A new look at an old antibiotic for drug resistant bacteria

By Elissa Wolfson, The Science Advisory Board assistant editor

May 17, 2023 -- Researchers are taking a new look at an 80-year-old antibiotic. The in vitro and in vivo studies, published Tuesday in the journal PLOS Biology, may offer a new tool in the fight against difficult-to-treat and potentially lethal multidrug-resistant bacterial infections.

Nourseothricin is a natural product made by a soil fungus which contains multiple forms of a complex molecule called streptothricin. Its discovery in the early 1940s generated high hopes for its use as a powerful agent against gram-negative bacteria -- so classified by the red color they turn after a chemical process called Gram staining is used on them. Gram-negative bacteria -- including Escherichia coli (E. coli), the most common gram-negative pathogen -- are responsible for some of the world's most significant public health problems.

Due to their thick outer protective layer, gram-negative bacteria are especially hard to kill with other antibiotics. Streptothricin was the first antibiotic with potent gram-negative activity to be discovered. Unfortunately, it proved toxic to the kidneys, so its development was halted. However, the recent rapid rise of antibiotic-resistant bacterial infections has spurred the search for new antibiotics, leading the researchers to take a new look at nourseothricin.

Early nourseothricin studies were hampered by incomplete purification of the streptothricins. More recent work has shown that the multiple forms have different toxicities. Researchers hypothesized that better purification might overcome the original renal toxicity concerns.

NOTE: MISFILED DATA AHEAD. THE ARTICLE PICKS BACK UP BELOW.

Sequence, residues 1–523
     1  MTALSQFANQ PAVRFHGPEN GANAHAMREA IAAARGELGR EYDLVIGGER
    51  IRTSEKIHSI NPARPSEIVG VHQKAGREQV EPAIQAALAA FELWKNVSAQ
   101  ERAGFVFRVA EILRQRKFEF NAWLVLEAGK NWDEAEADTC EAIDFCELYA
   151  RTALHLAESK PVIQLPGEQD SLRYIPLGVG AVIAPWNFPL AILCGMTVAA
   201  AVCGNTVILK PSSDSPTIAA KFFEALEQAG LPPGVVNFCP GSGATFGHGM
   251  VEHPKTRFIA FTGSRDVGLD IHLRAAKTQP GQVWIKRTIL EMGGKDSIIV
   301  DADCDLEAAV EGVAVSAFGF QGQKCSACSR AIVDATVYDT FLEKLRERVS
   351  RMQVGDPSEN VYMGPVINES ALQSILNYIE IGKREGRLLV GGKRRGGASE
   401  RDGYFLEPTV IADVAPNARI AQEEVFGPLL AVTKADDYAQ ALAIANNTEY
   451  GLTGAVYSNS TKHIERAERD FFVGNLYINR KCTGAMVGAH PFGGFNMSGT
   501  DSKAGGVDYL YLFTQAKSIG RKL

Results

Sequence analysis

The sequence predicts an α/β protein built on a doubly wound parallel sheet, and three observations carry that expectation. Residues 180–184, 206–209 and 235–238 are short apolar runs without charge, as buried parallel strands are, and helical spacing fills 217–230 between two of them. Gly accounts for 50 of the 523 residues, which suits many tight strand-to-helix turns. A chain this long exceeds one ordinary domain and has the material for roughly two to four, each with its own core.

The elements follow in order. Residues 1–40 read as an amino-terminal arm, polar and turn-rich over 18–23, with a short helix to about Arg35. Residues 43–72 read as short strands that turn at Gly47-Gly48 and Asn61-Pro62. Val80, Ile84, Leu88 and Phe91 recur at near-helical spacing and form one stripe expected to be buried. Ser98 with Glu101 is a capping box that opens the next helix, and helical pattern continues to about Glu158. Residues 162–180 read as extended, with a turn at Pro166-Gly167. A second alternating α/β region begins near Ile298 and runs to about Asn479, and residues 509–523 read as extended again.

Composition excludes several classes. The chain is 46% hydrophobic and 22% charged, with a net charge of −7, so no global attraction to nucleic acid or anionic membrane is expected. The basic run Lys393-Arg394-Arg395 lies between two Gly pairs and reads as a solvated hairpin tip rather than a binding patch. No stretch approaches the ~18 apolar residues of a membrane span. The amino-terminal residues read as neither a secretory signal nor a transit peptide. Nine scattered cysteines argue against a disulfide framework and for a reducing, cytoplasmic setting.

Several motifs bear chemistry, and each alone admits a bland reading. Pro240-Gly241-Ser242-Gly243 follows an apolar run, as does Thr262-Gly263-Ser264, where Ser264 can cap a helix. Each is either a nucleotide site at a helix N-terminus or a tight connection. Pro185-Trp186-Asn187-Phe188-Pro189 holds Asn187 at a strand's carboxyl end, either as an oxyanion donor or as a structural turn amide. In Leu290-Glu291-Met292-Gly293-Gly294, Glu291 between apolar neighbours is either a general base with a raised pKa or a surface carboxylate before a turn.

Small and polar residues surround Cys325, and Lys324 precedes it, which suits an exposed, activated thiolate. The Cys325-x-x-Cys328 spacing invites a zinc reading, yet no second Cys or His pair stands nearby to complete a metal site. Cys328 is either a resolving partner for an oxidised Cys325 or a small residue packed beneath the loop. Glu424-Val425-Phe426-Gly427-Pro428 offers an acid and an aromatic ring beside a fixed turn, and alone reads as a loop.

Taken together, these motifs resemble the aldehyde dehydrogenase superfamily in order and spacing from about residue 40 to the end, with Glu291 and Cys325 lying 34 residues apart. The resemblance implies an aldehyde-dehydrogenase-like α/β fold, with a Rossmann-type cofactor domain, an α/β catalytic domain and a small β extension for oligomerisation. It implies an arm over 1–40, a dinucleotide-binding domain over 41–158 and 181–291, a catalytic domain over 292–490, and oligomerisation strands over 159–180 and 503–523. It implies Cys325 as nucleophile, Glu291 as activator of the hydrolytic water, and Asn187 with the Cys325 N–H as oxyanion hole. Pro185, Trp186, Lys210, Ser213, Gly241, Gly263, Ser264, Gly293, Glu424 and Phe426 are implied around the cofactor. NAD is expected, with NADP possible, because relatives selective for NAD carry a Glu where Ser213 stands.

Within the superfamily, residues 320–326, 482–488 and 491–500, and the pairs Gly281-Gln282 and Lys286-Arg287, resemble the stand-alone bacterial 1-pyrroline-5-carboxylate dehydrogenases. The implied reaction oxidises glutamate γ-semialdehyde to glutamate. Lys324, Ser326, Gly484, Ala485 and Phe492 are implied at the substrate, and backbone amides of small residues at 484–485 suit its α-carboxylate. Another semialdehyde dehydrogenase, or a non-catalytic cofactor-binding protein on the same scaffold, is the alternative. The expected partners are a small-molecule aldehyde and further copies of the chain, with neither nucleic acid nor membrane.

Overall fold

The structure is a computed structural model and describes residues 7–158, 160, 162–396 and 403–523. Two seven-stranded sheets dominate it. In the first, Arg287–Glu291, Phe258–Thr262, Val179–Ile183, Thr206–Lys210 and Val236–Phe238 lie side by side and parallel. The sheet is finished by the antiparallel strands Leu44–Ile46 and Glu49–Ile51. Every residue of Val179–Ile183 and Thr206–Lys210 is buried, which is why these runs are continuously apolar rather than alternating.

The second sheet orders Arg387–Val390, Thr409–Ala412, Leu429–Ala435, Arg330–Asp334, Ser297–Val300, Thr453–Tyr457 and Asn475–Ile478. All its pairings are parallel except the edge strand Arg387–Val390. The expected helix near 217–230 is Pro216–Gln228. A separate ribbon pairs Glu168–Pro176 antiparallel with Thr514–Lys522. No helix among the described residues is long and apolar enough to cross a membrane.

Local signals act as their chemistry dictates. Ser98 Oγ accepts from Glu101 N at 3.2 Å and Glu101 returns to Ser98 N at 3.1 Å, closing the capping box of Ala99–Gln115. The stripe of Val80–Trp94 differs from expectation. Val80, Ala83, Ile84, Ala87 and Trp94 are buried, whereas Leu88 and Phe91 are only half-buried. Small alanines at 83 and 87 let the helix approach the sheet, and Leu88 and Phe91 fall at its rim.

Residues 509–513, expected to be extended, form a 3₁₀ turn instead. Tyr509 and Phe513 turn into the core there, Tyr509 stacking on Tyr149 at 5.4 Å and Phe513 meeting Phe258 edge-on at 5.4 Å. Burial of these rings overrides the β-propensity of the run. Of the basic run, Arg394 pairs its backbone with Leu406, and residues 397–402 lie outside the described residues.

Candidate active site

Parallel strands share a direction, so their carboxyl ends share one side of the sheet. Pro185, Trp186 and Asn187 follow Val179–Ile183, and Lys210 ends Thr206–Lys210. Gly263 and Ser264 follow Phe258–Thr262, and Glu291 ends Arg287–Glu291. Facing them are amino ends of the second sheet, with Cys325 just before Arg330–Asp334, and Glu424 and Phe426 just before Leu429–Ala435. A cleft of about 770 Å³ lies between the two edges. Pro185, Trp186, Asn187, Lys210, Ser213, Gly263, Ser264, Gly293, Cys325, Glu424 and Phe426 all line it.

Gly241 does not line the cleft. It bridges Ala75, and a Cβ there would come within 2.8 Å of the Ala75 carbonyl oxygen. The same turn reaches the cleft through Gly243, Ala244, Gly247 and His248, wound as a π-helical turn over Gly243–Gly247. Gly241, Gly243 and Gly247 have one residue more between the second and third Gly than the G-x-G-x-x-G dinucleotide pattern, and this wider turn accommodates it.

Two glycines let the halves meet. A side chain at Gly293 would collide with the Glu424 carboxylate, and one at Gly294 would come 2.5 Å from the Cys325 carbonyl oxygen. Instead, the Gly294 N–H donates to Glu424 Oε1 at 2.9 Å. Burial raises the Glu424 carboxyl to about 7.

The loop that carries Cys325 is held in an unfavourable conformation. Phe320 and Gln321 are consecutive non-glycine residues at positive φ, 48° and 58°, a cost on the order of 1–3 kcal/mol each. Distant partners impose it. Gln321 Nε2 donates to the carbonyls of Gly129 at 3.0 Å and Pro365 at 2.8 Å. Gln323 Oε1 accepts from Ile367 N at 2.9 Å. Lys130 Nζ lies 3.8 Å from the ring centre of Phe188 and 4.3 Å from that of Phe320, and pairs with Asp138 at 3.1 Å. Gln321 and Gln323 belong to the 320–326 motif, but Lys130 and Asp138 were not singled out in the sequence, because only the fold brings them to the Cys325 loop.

They characterized the antibacterial action, renal toxicity, and mechanism of action of highly purified forms of two different streptothricins, D and F, against drug-resistant Enterobacteriaceae and Acinetobacter baumannii bacteria. The D form was more powerful than the F form against these bacteria, but caused renal toxicity in mice at a lower dose. Streptothricin F, previously known to be effective against highly drug-resistant gram-negative bacteria, including carbapenem-resistant E. coli, proved significantly less toxic. Delayed renal toxicity in mice occurred at 10-fold higher doses with streptothricin F than with streptothricin D, while still remaining highly active against contemporary multidrug-resistant pathogens. Both streptothricins were highly selective for gram-negative bacteria.

Using cryo-electron microscopy, the researchers showed that streptothricin F bound extensively to 16S rRNA, a subunit of the bacterial ribosome, impinging on the decoding site where tRNA binds to the codon of the mRNA. This interaction leads to translation infidelity, or scrambled protein sequences, and the resulting death of the bacterial cell.

"Based on unique, promising activity, we believe the streptothricin scaffold deserves further pre-clinical exploration as a potential therapeutic for the treatment of multidrug-resistant, gram-negative pathogens," Dr. James Kirby, study co-author and a pathology professor of at Harvard's Beth Israel Deaconess Medical Center, said in a statement. "Not only is it potent, but that it is highly active against the hardiest contemporary multidrug-resistant pathogens and works by a unique mechanism to inhibit protein synthesis."

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